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Bigger Paychecks in 2018?

by Mary E. McCraw, CFP®

With the last minute tax overhaul in December, many have been scrambling to incorporate the new laws into actual practice. Last month the IRS released a newly updated W-4, the form that directs employers on paycheck withholding. Many people have seen an increase in their take-home pay since February, but are unsure if they are actually withholding enough taxes under the new law.

Fears of owing a large amount next April have made some clients nervous about the increased paychecks. As of March 1, there is a way to verify that your withholdings are on track and you won’t have an unpleasant tax surprise in April.

Generally, you only need to revise your W-4 with your employer when you have major life changes. For example, one spouse going back to work, having a child or purchasing a home are all good times to review your withholdings. However, with the sweeping changes from the recent tax law, we recommend evaluating withholdings just to make sure you are on track for 2018.  While most taxpayers will have a tax cut under the new law, there are some who will actually end up with a tax increase.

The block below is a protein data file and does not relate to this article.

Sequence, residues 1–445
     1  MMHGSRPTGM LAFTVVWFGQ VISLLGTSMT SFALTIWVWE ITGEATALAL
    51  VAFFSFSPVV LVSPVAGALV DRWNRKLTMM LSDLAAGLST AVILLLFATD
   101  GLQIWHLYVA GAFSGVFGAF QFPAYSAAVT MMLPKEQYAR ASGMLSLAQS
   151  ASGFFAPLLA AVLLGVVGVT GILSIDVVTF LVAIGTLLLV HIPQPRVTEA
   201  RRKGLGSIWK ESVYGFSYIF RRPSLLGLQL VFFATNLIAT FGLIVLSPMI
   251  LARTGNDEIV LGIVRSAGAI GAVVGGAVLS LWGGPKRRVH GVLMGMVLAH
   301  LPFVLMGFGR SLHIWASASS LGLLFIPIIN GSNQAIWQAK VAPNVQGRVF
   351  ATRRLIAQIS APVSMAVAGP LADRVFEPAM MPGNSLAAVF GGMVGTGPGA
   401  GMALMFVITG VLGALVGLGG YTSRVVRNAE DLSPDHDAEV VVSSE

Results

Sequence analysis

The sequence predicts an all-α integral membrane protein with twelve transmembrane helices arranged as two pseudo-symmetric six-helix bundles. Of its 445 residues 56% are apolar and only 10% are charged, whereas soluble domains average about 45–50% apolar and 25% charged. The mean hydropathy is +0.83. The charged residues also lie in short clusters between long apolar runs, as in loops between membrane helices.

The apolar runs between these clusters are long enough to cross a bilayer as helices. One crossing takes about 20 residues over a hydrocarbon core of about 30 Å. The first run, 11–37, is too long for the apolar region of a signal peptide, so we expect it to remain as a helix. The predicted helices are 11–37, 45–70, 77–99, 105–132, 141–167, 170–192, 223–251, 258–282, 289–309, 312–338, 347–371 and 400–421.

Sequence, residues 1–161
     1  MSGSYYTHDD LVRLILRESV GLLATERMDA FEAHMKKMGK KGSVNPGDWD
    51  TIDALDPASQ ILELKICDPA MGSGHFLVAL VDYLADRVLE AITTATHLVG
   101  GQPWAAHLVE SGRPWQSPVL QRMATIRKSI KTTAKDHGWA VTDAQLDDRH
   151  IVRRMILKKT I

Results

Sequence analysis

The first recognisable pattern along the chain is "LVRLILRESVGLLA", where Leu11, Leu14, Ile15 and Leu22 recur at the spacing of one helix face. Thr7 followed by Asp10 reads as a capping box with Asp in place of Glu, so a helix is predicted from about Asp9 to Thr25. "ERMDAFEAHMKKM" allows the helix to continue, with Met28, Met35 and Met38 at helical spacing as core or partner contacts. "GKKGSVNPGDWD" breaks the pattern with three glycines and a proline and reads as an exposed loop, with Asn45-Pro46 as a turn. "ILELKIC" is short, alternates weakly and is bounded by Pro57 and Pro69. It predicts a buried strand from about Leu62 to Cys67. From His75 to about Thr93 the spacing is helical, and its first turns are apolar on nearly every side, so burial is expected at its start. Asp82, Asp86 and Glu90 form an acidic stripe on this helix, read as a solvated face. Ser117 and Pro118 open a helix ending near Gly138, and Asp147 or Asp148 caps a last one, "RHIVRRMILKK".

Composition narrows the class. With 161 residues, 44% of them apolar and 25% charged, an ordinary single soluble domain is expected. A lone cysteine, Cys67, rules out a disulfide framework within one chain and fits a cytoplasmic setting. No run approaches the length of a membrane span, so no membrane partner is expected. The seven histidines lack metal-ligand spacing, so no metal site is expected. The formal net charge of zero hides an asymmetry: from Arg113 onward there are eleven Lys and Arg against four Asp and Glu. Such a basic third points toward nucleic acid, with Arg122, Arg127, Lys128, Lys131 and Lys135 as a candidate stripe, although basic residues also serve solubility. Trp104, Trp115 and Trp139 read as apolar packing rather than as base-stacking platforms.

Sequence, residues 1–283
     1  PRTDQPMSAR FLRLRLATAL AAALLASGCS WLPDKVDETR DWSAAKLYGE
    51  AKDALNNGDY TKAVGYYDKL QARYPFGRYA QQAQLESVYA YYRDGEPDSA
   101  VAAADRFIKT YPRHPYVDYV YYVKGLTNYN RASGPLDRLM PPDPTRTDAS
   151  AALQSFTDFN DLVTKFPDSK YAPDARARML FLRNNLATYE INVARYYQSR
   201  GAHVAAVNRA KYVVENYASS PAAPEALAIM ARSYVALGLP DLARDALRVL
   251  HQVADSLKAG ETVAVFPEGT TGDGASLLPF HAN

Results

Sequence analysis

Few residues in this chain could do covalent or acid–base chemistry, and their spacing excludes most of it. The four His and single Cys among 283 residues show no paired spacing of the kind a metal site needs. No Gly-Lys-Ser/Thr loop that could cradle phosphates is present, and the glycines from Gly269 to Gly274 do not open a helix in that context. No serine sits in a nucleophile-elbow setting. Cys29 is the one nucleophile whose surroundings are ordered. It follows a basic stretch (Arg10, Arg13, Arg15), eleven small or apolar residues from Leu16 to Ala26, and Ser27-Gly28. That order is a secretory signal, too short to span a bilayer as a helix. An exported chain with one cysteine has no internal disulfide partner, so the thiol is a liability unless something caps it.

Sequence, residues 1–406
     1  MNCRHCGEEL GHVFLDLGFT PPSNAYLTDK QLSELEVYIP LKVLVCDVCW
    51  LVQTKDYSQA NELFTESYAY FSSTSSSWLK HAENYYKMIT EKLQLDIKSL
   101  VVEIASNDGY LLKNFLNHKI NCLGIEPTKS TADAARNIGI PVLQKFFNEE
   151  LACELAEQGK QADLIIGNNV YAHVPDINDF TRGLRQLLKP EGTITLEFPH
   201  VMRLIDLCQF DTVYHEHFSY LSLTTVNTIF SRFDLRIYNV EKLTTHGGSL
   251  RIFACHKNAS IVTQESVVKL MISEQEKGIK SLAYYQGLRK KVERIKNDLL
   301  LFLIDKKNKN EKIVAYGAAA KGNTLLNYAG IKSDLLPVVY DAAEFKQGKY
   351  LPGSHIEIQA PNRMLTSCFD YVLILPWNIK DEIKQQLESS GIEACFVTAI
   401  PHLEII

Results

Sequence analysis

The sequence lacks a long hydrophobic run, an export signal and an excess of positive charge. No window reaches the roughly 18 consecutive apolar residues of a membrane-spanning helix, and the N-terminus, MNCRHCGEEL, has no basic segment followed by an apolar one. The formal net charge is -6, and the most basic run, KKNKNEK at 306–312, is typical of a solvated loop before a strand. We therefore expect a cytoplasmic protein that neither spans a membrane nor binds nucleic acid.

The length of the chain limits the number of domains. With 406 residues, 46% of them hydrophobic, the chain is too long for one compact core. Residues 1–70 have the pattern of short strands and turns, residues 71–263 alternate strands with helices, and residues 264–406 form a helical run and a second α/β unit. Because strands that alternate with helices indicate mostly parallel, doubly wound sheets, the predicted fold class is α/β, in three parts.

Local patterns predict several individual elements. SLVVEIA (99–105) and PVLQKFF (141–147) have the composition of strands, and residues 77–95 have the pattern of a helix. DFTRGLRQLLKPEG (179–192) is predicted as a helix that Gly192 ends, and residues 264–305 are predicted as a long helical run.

Along with the release of the 2018 Form W-4, the IRS also released an updated version of their online withholding calculator. For most taxpayers, the withholding calculator will be able to provide a detailed estimate of taxes for 2018 and suggest appropriate withholding amounts for the remainder of the year. However, some preparation is needed to ensure the best results. The IRS suggests gathering your most recent pay stub (for each job in household) and most recent tax return.

With this information at hand, you should be able to complete the calculator in 10 to 15 minutes. The calculator will provide specific information on how to fill out your new W-4; it is not necessary to complete the worksheets found on the form. We are happy to assist clients with the calculator – just contact us and provide the necessary information.

Even if you do not need to change your withholding, you can rest assured that the additional money in your paycheck will not lead to a big tax bill next year!

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